Dutch States Party

The Dutch States Party[1] (without the qualifier "Dutch" if the meaning is clear from the context) is the name used in Anglophone historiography for the faction in the politics of the Dutch Republic referred to in (older) Dutch historiography as the Staatsgezinde partij.[2]:8–12 This republican faction is usually (negatively) defined as the opponents of the Orangist, or Prinsgezinde faction, who supported the monarchical aspirations of the stadtholders, who were usually (in this context) members of the House of Orange-Nassau.[3] The two factions existed during the entire history of the Republic since the Twelve Years' Truce, be it that the role of "usual opposition party" of the States party was taken over by the Patriots after the Orangist revolution of 1747.[4] The States party was in the ascendancy during the First Stadtholderless Period and the Second Stadtholderless Period.

Ideological characteristics

The two factions were not political parties in the modern sense of the word. They were mostly kept together by animosity between families belonging to the Regenten class on the local level, for reasons that differed between localities. These local factions might take sides to either faction simply based on the fact that their opponents were loyal to the other faction. There was little explicit ideological coherence, and whatever ideology existed on either side differed with changing circumstances over the course of the history of the Republic.[2]:10 Still, since the days of the conflict between Maurice, Prince of Orange and Land's Advocate of Holland Johan van Oldenbarnevelt[5] the States Party stood for provincial sovereignty, vested in the provincial States (like the States of Holland), whereas the Orangist party emphasized the "supra-provincial" sovereignty, residing in the States-General of the Netherlands.[2]:15ff. The supremacy of the provincial States was first defended by François Vranck in his debate with Thomas Wilkes in 1587 during the rule of the Earl of Leicester as governor-general under the English protectorate, and later taken up by Hugo Grotius in his De antiquitate reipublicae Batavicae (On the Antiquity of the Batavian Republic).[6] The theme was taken up again during the conflict between stadtholder William II and the States of Holland in 1650, in which first the Prince prevailed, and after his death the States, ushering in the "True Freedom" of the First Stadtholderless Period.[2]:17

The doctrine of the "True Freedom" was expounded by political philosophers like the Grand Pensionary Johan de Witt in his "Deduction"[7] and Pieter de la Court in his the Interest van Holland (Interest of Holland) and De stadthouderlijcke regeeringe in Hollandt ende West-Vrieslandt (History of the stadholders of Holland and West-Friesland). In these works the doctrine was extended into a distinctly anti-monarchical and pro-republican direction as a justification for the de facto abolition of the office of stadtholder in most provinces as "superfluous" and "positively harmful to the general welfare."[8]:758–790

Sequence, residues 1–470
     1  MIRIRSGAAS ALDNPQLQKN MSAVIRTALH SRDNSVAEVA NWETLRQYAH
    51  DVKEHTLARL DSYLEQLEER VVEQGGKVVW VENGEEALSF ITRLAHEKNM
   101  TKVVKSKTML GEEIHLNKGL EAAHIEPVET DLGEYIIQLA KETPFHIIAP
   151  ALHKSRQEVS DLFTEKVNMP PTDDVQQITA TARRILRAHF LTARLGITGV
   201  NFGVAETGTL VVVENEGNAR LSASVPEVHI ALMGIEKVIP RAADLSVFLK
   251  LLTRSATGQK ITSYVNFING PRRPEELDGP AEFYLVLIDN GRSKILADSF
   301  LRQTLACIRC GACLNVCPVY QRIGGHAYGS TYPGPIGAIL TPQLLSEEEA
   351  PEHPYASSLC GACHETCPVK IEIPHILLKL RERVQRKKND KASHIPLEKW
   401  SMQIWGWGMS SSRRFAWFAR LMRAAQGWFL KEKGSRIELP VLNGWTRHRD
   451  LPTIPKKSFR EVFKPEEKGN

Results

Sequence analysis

Some of the most important representatives of the States Party in the history of the Republic were:


First Stadtholderless Period

Second Stadtholderless Period

References and Notes

  1. Grammatically better would be: "States' Party", but the possessive apostrophe is almost never used in the literature, just like in Dutch States Army.
  2. 1 2 3 4 Troost, Wout (2005). William III the Stadholder-King: A Political Biography. Ashgate Publishing, Ltd.
  3. In the days that there were stadtholders who were not members of that House, the factions did not yet exist.
  4. The States-party regenten were equally opposed to the democratic tendencies among the Patriots as the Orangist regenten.
  5. When the States Party was referred to as the Loevesteiners (after the state prison, Loevestein, where the leaders of the Oldenbarnevelt faction were incarcerated).
  6. During their trial for treason the Loevesteiners disputed the competency of the ad hoc court that tried them on the ground that the court had been established by the States-General in an usurpation of the sovereignty of the States of Holland.
  7. Deductie, ofte Declaratie, uyt de Fondamenten der Regieringe, tot justificatie vande Acten van Seclusie, raeckende 't employ vanden Prince van Oraigne (Deduction, or Declaration, from the foundations of the government, as justification of the Act of Seclusion, concerning the employment of the Prince of Orange).
  8. Israel, J.I. (1995). The Dutch Republic: Its Rise, Greatness and Fall, 1477-1806. Oxford U.P. ISBN 0-19-873072-1.
  9. Who was the last States-Party Grand Pensionary; he was an unimportant politician, but so tainted by his partisanship that the Orangists, led by Willem Bentinck van Rhoon demanded his dismissal in 1749 after the appointment of William IV, Prince of Orange as stadtholder-general.
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